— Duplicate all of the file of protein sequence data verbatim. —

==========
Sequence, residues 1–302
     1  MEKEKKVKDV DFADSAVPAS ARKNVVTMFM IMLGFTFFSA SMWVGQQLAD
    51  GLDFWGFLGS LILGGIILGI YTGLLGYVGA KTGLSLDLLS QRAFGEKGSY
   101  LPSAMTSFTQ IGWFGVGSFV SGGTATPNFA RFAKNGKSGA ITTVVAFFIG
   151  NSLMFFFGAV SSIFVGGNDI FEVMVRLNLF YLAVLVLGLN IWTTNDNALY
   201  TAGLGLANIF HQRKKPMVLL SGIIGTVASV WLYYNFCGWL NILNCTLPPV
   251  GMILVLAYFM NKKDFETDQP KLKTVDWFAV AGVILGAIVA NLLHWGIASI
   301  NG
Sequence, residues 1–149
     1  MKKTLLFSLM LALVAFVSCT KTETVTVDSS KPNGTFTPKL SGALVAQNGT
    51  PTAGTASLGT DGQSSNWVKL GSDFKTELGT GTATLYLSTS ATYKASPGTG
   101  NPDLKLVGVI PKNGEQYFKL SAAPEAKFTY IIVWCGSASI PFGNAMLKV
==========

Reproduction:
Sequence, residues 1–302
     1  MEKEKKVKDV DFADSAVPAS ARKNVVTMFM IMLGFTFFSA SMWVGQQLAD
    51  GLDFWGFLGS LILGGIILGI YTGLLGYVGA KTGLSLDLLS QRAFGEKGSY
   101  LPSAMTSFTQ IGWFGVGSFV SGGTATPNFA RFAKNGKSGA ITTVVAFFIG
   151  NSLMFFFGAV SSIFVGGNDI FEVMVRLNLF YLAVLVLGLN IWTTNDNALY
   201  TAGLGLANIF HQRKKPMVLL SGIIGTVASV WLYYNFCGWL NILNCTLPPV
   251  GMILVLAYFM NKKDFETDQP KLKTVDWFAV AGVILGAIVA NLLHWGIASI
   301  NG
Sequence, residues 1–149
     1  MKKTLLFSLM LALVAFVSCT KTETVTVDSS KPNGTFTPKL SGALVAQNGT
    51  PTAGTASLGT DGQSSNWVKL GSDFKTELGT GTATLYLSTS ATYKASPGTG
   101  NPDLKLVGVI PKNGEQYFKL SAAPEAKFTY IIVWCGSASI PFGNAMLKV